PTACC’s First-Ever National Deflection Week Highlights the Importance of Non-Arrest Pathways

As the definitive voice regarding deflection and pre-arrest diversion, the Police Treatment Community Collaborative (PTACC) is proud to host America’s first-ever National Deflection Week this month from July 16–22. The event encourages partners and community members to showcase their outstanding work via social media and in-person events in their respective communities with the goal of spreading awareness around the nationwide policing movement of deflection.


PTACC provides vision, leadership, advocacy, and education to facilitate the growth and practice of deflection and pre-arrest diversion in all its forms, including programs that incorporate co-responder and community responder models both nationally and internationally. Its mission is to strategically enhance the quantity and quality of community behavioral health and social service options through engagement in deflection and pre-arrest diversion.

Watch This Animated Video To Learn More

Click on the image to the right to learn how police deflection programs reduce crime and substance use through non-arrest pathways that connect individuals to treatment options. Instead of traditional police intervention and criminal justice involvement, deflection relies on law enforcement as the referral source to community-based drug treatment and mental health services even before a person is in crisis.


SAMHSA Rule Changes To Benefit Those with SUDs

The Substance Abuse and Mental Health Services Administration (SAMHSA) recently announced a plan to update federal rules with the goal of improving care for individuals with a Substance Use Disorder (SUD). The two proposals, which can be found in more detail below, are currently open for public comment.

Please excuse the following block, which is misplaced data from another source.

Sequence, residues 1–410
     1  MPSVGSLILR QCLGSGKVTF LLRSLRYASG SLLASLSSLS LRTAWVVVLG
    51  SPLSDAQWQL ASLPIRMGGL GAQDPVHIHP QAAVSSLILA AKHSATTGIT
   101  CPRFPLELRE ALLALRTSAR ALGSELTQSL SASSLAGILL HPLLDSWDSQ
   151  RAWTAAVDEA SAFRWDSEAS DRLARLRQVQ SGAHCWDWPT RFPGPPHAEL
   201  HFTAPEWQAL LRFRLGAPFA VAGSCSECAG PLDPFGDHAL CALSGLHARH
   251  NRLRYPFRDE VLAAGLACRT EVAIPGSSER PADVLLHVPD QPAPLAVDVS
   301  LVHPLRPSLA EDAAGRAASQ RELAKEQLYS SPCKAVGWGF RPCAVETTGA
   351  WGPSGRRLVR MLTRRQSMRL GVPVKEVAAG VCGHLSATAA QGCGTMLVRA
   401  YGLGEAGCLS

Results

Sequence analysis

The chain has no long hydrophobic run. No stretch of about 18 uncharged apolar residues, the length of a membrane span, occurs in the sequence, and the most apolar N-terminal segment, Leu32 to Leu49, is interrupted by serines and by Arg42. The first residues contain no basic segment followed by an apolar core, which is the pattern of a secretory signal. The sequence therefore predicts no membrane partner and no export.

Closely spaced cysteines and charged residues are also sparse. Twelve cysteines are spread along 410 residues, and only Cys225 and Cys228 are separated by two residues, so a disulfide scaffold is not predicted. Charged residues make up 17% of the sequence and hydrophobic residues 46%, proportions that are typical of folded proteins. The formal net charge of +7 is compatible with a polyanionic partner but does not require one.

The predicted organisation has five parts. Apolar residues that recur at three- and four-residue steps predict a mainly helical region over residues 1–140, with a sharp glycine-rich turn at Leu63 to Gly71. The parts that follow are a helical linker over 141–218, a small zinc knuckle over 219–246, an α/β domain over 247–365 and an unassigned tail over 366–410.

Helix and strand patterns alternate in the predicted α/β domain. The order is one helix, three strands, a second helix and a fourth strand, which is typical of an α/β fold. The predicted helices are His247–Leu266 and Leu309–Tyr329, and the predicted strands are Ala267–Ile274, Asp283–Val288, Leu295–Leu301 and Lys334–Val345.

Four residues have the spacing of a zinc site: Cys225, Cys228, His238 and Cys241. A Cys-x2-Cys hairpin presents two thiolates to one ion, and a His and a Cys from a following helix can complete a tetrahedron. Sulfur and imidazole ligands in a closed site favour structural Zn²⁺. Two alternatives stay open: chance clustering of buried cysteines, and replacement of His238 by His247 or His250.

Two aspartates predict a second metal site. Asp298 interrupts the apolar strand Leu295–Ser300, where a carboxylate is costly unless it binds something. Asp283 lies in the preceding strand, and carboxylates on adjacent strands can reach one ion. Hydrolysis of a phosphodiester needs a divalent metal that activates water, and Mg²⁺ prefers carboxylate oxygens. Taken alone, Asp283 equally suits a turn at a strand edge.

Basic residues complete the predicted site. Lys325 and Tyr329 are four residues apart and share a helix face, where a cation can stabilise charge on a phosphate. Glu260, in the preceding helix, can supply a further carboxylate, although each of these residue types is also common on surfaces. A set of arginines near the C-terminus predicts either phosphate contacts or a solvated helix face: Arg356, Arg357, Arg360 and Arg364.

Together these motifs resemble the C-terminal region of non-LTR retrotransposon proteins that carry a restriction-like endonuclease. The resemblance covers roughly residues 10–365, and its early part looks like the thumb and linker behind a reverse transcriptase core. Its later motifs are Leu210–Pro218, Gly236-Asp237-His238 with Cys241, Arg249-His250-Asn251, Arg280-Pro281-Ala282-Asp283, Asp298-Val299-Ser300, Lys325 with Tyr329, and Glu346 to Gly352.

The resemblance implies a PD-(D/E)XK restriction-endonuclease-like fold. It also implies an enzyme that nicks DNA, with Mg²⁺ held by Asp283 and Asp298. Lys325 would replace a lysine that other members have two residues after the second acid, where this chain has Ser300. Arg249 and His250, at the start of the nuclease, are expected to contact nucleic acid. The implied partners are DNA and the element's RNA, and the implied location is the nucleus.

Proposed Rule: Confidentiality of Substance Use Disorder (SUD) Patient Records

According to SAMHSA, this proposed rule would make changes to current federal rules that protect SUD patient privacy under what is known as 42 CFR Part 2. SAMHSA explains that the proposed changes, which are intended to address “barriers to information sharing by patients and among health care providers”, were developed to comply with a recently passed federal law requiring the agency to better align SUD patient privacy rules under 42 CFR Part 2 with HIPAA Privacy Rules. The agency is currently receiving public comment on this proposed rule change through January 31, 2023. The SAMHSA press release, which includes additional information about the proposed rule, can be found here. The proposed rule, along with information about submitting a formal public comment to SAMHSA, can be found on the Federal Register website linked here.

Proposed Rule: Medications for the Treatment of Opioid Use Disorder

This proposed rule change would, among other provisions, make permanent COVID-related rules changes regarding the treatment of opioid use disorder to allow take home doses of methadone and the use of telehealth in initiating buprenorphine at opioid treatment programs (OTPs), and expand the definition of OTP treatment practitioners. The agency is currently receiving public comment on this proposed rule change through February 14, 2023. The SAMHSA press release, which includes additional information about the proposed rule, can be found here. The proposed rule, along with information about submitting a formal public comment to SAMHSA, can be found on the Federal Register website linked here.

KIPRC To Evaluate Kentucky SUD Recovery Program

The Kentucky Injury Prevention and Research Center (KPIRC) has long been a critically important Fletcher Group partner with KPIRC Director Dr. Terry Bunn serving as the Fletcher Group’s Co-Investigator and Academic Partner. To further its good work, KIRPC was recently awarded a $2.2 million grant from the CDC (Centers for Disease Control and Prevention) National Center for Injury Prevention and Control to comprehensively evaluate the Kentucky Access to Recovery program (KATR).  

Working together with the Fletcher Group and the Federation of Appalachian Housing Enterprises (Fahe) which administers KATR, KIRPC will evaluate the long-term effectiveness of the KATR program. Researchers will evaluate the program’s effectiveness at reducing the risk of non-fatal and fatal drug overdoses by increasing an individual’s recovery capital, reducing resumption of illicit substance use, and promoting re-linkage to recovery support services if illicit substances are resumed. The research project will follow approximately 300 KATR program participants over a 12-month period.

“The results of this evaluation are essential to understand the importance of recovery support services in building recovery capital to achieve and sustain long-term recovery from substance use disorder among these vulnerable populations,” said Bunn, who is also the principal investigator on the grant.